Violent boyfriend cost an Auckland woman three jobs in a year

A new programme aims to make the workplace a safe place where domestic abuse sufferers can come and get help. (File photo)

A new programme aims to make the workplace a safe place where domestic abuse sufferers can come and get help. (File photo)

An Auckland woman whose abusive boyfriend cost her three jobs in one year is calling for workplace awareness of domestic violence.

Nobody noticed that the flat tyres and stomach bugs seeming to plague Rebecca* were cover-ups for a far more sinister reality. Much like the make-up hiding her bruises.

Her bosses saw her as a flake: always late, taking excessive breaks, and forever on her phone. She said she didn't blame them for letting her go; they had no idea her boyfriend was prone to confiscating her car keys, holding a knife to her throat, or abducting her at lunch.

​"I was making excuses for my partner like nobody's business, the biggest tell tale sign the abuse was really bad," the 31-year-old said. "I was making excuses not to be around people who could have kept me safe."

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More than half of New Zealand women report having experienced physical and/or psychological abuse from their partner, according to national research centre the Family Violence Clearinghouse.

Domestic violence support group Shine said Rebecca and those like her get punished for their partners' behaviour — unfairly. Shine aims to help bosses and colleagues notice and help domestic abuse victims, through a new programme called the DVFree Tick. 


On Tuesday, Westpac became the first DVFree certified business.

Westpac CEO David McLean said he'd taken up the programme after realising the office could be "the one safe place [domestic abuse sufferers] could come and get help".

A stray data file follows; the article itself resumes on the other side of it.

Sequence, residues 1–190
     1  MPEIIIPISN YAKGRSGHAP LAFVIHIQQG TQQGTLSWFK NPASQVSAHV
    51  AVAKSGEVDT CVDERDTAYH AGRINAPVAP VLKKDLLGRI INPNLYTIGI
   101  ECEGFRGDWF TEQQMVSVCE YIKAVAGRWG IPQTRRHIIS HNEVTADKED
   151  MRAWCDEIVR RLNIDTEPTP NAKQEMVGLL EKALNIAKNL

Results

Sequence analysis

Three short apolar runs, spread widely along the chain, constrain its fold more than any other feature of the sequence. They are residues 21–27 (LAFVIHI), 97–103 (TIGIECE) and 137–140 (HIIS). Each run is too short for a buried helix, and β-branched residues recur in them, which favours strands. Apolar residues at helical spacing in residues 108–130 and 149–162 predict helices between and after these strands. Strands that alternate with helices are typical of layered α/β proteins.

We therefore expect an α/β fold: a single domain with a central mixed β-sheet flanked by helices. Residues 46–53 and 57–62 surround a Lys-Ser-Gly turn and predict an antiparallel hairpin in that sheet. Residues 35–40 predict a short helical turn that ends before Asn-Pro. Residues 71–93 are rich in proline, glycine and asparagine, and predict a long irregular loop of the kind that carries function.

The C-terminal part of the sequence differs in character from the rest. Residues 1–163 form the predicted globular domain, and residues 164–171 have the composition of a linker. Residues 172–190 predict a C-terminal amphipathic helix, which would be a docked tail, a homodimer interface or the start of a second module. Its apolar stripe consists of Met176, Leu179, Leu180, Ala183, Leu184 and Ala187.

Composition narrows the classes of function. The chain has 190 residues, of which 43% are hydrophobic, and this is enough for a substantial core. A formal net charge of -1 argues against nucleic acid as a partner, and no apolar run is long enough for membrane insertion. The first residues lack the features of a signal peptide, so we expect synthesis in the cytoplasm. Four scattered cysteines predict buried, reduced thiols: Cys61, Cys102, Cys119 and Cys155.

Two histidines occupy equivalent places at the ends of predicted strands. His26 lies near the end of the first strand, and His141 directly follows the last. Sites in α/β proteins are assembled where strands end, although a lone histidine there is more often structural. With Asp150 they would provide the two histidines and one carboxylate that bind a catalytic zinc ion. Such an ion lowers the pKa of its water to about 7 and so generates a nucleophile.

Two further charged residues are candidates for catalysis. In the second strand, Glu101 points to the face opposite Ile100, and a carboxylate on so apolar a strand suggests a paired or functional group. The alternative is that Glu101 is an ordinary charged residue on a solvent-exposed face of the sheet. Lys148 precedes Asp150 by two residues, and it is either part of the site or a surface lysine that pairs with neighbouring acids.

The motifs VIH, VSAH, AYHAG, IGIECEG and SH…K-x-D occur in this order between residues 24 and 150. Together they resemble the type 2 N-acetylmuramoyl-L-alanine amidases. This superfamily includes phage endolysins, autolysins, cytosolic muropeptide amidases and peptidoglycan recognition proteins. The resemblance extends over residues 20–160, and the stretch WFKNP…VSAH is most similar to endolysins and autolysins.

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"Outside work they're often in the perpetrator's control," he said.

Shine's programme complements the Green Party's domestic violence-victims' protection bill, which is currently before a select committee.

The bill would give victims of domestic violence 10 days of paid leave to move house, attend court hearings, and consult lawyers.


Rebecca was born in New Zealand, grew up in Rarotonga, and returned to Auckland for her 7th form year. She met her partner at a vulnerable moment shortly after her mother died, when she was 25.

"I think I was looking for comfort," she said.

"It felt so nice to be appreciated, and I guess he made me feel secure. The intensity of how he'd hold me, or look at me ... he'd look at me like he could eat me."

The relationship started unravelling around the eight month mark. While Rebecca had a job with a temping agency, a flat, and a car, her partner had nothing; she said his insecurities began to dominate their lives.

He insisted on dropping her off and picking her up from work each day, in her car, she said. He would incessantly text her throughout her shifts, take her out every break, and often lurk outside her office.

"There were so many little, manipulative things," said Rebecca. "Like hiding my keys and phone, or taking me out for lunch, getting angry, then saying 'nah, I'm not taking you back to work, you can walk'."

Rebecca's boss noticed she was often late back, and called her out for being unreliable.

"I would say things like 'sorry, we got a flat tyre and my phone died'," she said. "Or that I got sick while we were out and couldn't stop throwing up — all the excuses under the sun."

The boss got fed up and Rebecca got fired.

She said she had felt too ashamed to reveal the cause of her flakiness. She was also scared her boss might call the cops, as Rebecca had already done once after her boyfriend had hit her at home.

"The police took him in, but let him out the next day — it seemed like the safest thing I could do was to not get him in trouble again, so he wouldn't come back even more angry," she said.